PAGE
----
(BCN) — They gathered together in Oakley Civic Center Plaza around the base of the city’s Christmas tree, its twinkling blue lights contrasting with the tiny flames of hundreds of candles held by friends and strangers who came to say goodbye to Alexis Gabe and show their support for the family and volunteers who spent months trying to bring her home.

They came to grieve, and to pray.

“It’s been a really, really hard year for us,” said Gwyn Gabe, Alexis’s father, as he looked out at the silent crowd. “Not just losing our daughter, our only daughter, but also losing my father in law, my wife’s father. It’s been really hard for us. But what gives us comfort is the love and support from this community. That’s what’s really holding us and we really, really thank you from the bottom of our hearts. Thank you so much for coming here tonight to grieve with us, and pray with us.

“I’m pretty sure our daughter is up there smiling, watching us right now, and again we can’t really thank you enough,” he said.

Alexis was last seen alive on Jan. 26, the day she drove to the Antioch home of her ex-boyfriend, Marshall Jones. Her car was later found abandoned in Oakley. Police suspected Jones killed the 24-year-old Oakley woman and transported her body to the Sierra foothills, where her partial remains were eventually discovered in Amador County early last month along with duct tape and black plastic trash bags.

Jones was fatally shot by police in Kent, Washington, in June when they went to arrest him in connection with the killing. Even though police consider the case now closed, the Gabes can’t rest as they continue searching for Alexis’s remains and justice for the person who will no longer be part of their future Christmas holidays.

‘You all cared’

Mayor Sue Higgins, in what was likely her last public appearance as a member of the Oakley City Council before her replacement is sworn in, helped organize Friday’s vigil and spoke of the city’s support for the family.

“I said to the council, we have to put the money up to help find Alexis,” Higgins said of the initial $50,000 reward fund. That figure swelled to $100,000 after an anonymous donor matched the city’s contribution.

“But the story’s not over. It’s not ending here tonight. We want justice for what has happened, and we’re keeping the candle lit for Alexis to find her. She’s completely in our hearts. She’s brought us together, and I hope we stay that way.”

For some, like Alexis’s older brother Gwyn Marqus Gabe, Friday was the first time they had to collect their emotions in public.

“It’s been really hard,” Marqus said in a low, halting voice. “I haven’t shown my face in a while because I’m healing. She was my best friend and I miss her every day. You guys gave us so much strength to keep pushing forward. I can’t believe how big this group is.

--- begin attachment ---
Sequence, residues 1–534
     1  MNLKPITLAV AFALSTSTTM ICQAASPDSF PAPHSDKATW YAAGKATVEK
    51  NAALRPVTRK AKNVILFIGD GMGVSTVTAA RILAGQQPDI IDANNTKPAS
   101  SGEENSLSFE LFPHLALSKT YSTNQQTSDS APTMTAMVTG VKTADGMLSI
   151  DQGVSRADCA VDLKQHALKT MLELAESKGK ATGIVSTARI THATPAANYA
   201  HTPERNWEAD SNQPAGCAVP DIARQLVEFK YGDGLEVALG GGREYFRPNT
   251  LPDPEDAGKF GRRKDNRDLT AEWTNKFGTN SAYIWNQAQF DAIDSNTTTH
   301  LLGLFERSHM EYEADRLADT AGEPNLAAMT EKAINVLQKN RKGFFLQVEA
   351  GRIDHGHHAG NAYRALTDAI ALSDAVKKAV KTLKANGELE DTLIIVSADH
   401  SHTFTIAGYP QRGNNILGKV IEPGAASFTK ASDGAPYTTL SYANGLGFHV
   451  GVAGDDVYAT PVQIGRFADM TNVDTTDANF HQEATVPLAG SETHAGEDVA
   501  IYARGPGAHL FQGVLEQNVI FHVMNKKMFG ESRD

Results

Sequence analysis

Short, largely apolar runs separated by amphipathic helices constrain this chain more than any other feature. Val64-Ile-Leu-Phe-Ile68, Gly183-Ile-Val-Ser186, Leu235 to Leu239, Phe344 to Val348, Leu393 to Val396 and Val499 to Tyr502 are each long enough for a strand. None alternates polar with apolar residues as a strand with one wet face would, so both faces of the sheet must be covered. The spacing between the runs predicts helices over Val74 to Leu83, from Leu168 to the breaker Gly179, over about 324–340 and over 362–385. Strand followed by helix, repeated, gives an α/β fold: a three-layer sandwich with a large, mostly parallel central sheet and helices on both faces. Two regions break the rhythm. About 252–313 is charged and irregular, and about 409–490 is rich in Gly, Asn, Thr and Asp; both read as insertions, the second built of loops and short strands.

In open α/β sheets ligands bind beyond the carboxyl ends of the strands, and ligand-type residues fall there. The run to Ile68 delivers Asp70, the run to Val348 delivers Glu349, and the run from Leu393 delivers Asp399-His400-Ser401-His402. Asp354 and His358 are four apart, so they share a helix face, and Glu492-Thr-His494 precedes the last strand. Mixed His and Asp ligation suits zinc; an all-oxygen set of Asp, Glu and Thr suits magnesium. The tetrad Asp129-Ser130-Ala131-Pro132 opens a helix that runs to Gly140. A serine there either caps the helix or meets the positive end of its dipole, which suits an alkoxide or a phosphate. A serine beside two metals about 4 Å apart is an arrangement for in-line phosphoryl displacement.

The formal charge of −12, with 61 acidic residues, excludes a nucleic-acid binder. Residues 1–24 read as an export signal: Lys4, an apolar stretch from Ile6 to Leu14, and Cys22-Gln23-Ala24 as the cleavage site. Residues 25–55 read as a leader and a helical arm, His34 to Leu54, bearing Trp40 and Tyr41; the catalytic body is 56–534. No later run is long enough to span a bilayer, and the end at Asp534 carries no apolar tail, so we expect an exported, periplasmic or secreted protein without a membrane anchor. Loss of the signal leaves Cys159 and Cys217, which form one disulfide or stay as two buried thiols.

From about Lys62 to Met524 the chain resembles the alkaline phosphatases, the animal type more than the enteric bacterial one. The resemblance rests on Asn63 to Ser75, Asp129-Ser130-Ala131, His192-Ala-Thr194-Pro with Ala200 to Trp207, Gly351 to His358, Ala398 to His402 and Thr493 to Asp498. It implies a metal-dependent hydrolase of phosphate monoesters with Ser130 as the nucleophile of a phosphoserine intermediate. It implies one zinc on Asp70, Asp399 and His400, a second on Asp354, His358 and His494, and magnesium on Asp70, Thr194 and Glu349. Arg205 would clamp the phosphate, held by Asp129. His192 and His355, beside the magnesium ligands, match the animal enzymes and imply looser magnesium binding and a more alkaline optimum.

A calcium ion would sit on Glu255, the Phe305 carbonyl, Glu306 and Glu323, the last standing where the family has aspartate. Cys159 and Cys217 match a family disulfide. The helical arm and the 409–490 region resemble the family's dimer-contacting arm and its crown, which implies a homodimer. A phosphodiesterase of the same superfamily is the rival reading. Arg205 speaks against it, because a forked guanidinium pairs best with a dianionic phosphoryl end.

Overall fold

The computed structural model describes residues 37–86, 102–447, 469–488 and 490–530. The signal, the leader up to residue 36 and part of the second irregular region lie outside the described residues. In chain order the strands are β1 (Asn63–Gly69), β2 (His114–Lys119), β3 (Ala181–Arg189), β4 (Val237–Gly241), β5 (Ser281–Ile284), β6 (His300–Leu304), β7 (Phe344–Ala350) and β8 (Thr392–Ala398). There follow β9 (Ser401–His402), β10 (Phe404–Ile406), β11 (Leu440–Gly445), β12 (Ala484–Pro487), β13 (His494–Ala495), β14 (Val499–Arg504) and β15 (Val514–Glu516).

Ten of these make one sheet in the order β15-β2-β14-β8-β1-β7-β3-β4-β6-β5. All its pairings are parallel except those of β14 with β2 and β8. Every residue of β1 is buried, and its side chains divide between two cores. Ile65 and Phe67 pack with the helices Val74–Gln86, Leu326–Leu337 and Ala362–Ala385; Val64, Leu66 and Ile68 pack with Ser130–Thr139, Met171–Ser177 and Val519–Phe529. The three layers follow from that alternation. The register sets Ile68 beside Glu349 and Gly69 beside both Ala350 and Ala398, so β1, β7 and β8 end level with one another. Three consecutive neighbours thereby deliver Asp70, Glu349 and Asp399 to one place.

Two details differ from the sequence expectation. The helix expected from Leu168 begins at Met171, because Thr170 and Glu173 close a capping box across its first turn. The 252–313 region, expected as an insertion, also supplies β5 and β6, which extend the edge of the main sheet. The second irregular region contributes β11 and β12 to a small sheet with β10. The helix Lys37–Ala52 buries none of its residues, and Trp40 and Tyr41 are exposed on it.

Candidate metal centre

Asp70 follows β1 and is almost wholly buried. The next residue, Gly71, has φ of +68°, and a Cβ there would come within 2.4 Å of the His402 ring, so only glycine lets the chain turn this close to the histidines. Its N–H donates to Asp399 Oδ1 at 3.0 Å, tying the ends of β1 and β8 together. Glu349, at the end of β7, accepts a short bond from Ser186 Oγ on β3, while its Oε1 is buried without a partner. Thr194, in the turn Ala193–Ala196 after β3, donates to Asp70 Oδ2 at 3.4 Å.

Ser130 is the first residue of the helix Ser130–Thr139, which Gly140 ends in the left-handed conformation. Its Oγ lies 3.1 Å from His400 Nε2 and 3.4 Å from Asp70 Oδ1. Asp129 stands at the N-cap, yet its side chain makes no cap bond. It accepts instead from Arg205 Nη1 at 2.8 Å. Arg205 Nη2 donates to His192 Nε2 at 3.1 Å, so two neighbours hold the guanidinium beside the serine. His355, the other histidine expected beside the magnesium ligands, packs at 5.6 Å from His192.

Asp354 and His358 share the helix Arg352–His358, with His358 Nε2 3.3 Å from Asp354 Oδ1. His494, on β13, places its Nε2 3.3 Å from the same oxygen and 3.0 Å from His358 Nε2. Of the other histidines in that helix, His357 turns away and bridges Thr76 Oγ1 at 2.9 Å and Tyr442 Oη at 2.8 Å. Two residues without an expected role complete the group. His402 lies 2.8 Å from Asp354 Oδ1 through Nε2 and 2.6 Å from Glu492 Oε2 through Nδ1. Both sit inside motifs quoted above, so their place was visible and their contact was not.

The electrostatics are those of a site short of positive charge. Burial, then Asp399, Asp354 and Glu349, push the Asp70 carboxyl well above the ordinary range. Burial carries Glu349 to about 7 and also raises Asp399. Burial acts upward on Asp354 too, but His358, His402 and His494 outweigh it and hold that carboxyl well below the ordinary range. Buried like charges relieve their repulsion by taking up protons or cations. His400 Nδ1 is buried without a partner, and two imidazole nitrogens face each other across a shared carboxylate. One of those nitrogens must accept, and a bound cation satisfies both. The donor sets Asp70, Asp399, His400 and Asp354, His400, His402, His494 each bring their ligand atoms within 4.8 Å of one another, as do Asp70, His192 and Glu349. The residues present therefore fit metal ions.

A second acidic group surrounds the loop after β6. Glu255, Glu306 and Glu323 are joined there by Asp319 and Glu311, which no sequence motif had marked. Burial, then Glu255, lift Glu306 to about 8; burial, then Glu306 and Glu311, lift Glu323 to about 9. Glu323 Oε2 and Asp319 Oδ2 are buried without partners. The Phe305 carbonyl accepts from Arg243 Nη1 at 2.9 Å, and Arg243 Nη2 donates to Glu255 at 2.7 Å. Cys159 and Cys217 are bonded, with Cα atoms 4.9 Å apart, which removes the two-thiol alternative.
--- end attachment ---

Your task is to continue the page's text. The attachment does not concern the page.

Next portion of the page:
“I know me and my older cousin would hear Alexis all the time talk about how she would hopefully say, you know, if she ever just ran away, no one would care, OK? I know some of us out here also thought that too. But what they don’t see once they’re gone is how much everyone does care.

“A lot of you don’t know her personally, but you all showed up. You all cared. When we see her I can’t wait to rub it in her face, you know? Like look at all these people who showed up. Hundreds of people, thousands of people on the page. Thank you so, so much.”

He was speaking about the Help Bring Alexis Gabe Home group on Facebook, which has amassed more than 16,600 followers sharing information and lending support to the family throughout their ordeal.

And one by one, many of those friends and supporters came forward to remember the person with the infectious smile who was always a friend to everyone. Customers of the local Rite Aid, where Alexis worked, recalling the first time they met her: “She treated me like family. She had the best smile, the best personality.”

A former high school friend said, “She just made you want to smile all the time. … Even if she didn’t know you, but knew that there was something going on, she put you first.”

Her flame burns brightly

During the event volunteers passed out frosted cookies shaped like angel wings, pink wristbands with the message “Never Forgotten — Bring Alexis Home,” and dozens of 5-inch candles the mourners held during the vigil — too short, it seemed, for several that burned themselves out before the end of the hour-long ceremony. But singed fingers and blades of grass paled compared to the pain in the hearts of those who came to grieve.

“I know a lot of you said you’ll never forget Alexis. We appreciate all that,” Gwyn Gabe said when the last of the tributes was expressed.

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The family is planning a celebration of life for Alexis on Jan. 28, 2023, at the Oakley Recreation Center, although space limitations likely will mean not all will be able to attend. The family thanked the city and Oakley Police Department for their efforts to organize Friday’s vigil and locate their missing daughter.

“We wanted [the service] to happen in Oakley because this is where we live. We’ve been living here for 10 years this month.”

Elvin Reyes and his wife Dorothy Reyes came from San Ramon to be part of the vigil. They have a special connection with the Gabe family — Elvin attended high school with Alexis’s father Gwyn and is the godparent to one of their sons.

“I think the community coming together was just awesome,” Elvin said as the candle flames extinguished and the crowd began to disperse into the night.

“It was uplifting,” Dorothy Reyes agreed. “We’re from another city, so coming here and seeing this was very nice.”

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